When combining the values from these field types, any duplicates will be removed so that only unique values will be included in the final merged record.


Cells without the "+" button appearing are not able to have multiple values and so this kind of combining is not available.


To speed up the deduplication process more, you can use keyboard shortcuts:

  • Use the arrow keys and to select a record. You can also select a record by pressing its corresponding number key

  • A will use the currently selected record as the primary record

  • S will exclude the currently selected record from the merge process, and will not delete it

  • Space will open up the currently selected record for editing

  • Ctrl + Enter will merge your selections

The following shortcuts can be used with fields that can have more than one value (collaborator, linked records, multiple select, and attachments).

  • Ctrl + click will add the current selection to those already selected

  • Shift + click will add all the values between the primary field and the selected field

Merge selections to records

When you're confident with your merge selections, you can select the "Merge records" button at the bottom right. At this point, you will be asked to confirm your changes. If you are confident in your deduping selections, go ahead and click "Merge". The dedupe extension will now show the next set of duplicates to work through.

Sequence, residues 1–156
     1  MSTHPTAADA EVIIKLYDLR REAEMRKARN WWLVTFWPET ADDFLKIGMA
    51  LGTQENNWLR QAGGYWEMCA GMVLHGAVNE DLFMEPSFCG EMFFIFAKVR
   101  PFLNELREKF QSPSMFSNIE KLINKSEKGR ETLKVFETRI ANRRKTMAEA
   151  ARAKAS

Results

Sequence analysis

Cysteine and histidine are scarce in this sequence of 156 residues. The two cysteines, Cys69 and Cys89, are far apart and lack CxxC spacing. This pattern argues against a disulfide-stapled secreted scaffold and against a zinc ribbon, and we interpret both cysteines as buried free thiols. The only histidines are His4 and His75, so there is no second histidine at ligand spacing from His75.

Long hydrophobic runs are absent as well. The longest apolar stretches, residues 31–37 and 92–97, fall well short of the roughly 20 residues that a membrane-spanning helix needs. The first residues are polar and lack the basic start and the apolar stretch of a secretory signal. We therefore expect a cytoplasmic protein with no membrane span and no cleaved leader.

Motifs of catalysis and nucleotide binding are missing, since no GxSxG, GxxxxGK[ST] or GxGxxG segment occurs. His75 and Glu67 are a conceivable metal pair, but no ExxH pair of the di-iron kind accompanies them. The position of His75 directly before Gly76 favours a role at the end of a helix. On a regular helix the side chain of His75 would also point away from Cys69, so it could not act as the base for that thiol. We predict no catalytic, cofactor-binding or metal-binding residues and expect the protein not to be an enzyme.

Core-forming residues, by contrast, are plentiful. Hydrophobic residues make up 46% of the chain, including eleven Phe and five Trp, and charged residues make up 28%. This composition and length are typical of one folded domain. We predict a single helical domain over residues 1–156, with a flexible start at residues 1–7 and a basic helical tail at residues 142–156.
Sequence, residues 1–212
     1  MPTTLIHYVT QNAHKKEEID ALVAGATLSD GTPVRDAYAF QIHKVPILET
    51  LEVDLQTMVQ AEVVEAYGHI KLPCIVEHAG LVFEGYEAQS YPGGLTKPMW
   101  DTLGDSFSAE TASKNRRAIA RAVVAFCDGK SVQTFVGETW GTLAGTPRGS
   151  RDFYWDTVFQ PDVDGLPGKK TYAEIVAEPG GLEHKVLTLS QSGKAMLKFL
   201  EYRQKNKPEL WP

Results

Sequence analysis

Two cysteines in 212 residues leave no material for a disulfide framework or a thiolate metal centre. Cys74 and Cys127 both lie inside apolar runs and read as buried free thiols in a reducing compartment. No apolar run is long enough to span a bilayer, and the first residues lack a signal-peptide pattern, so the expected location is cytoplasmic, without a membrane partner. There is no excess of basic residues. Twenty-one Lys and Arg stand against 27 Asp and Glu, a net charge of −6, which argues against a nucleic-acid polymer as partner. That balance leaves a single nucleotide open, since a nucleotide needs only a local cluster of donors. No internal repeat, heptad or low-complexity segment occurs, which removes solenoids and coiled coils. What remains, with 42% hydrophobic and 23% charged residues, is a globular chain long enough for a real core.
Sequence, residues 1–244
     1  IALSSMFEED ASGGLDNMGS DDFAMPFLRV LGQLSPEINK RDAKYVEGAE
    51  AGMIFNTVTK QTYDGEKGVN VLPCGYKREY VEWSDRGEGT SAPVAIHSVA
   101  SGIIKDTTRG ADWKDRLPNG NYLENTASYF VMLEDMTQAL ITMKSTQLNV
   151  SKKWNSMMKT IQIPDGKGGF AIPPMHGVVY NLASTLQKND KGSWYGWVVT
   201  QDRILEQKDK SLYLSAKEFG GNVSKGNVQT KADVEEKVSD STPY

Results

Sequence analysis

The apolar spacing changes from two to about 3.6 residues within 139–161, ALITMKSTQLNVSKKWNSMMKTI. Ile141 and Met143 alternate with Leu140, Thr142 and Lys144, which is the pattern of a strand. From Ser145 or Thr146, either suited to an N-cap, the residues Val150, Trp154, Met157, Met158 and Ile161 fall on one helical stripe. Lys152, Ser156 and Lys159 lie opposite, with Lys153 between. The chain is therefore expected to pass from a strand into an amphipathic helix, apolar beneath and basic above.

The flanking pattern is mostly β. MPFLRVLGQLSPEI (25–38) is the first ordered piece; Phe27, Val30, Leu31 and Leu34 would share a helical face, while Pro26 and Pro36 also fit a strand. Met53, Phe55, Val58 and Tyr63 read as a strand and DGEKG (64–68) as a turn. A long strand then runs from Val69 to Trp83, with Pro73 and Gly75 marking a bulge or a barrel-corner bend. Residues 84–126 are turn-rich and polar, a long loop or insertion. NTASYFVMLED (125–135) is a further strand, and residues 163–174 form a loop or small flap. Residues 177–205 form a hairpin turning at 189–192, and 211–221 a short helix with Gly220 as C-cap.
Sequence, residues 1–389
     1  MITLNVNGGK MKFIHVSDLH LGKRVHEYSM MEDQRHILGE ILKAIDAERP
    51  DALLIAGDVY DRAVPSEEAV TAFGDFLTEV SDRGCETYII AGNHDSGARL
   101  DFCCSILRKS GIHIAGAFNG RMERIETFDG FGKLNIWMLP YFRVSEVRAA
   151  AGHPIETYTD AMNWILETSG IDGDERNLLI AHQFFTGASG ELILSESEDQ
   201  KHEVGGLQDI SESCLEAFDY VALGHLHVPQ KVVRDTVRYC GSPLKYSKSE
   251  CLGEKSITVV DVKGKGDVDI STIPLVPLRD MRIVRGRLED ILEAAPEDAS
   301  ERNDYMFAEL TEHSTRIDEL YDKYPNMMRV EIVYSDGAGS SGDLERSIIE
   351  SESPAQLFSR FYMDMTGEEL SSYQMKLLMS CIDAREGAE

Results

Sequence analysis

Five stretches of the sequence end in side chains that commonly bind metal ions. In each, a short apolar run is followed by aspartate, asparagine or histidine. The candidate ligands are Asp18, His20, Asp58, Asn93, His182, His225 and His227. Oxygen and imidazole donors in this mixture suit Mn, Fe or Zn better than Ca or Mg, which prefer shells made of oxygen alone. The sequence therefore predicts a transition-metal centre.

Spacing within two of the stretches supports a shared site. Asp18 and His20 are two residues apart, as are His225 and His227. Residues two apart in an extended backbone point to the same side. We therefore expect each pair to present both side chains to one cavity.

Once you're finished working through the sets of duplicates, the extension will return you to the main selection screen where you can pick the field or fields that you want to use to find more duplicates. If you're totally done deduping, you can go ahead and press Cancel or the X in the top right to close the extension and return to your base.


What is occuring when I see the “You don’t have permission to apply these changes” message?

Typically, there is some kind of editing permission setting that is blocking you from merging (deleting) records. You can learn more in this article.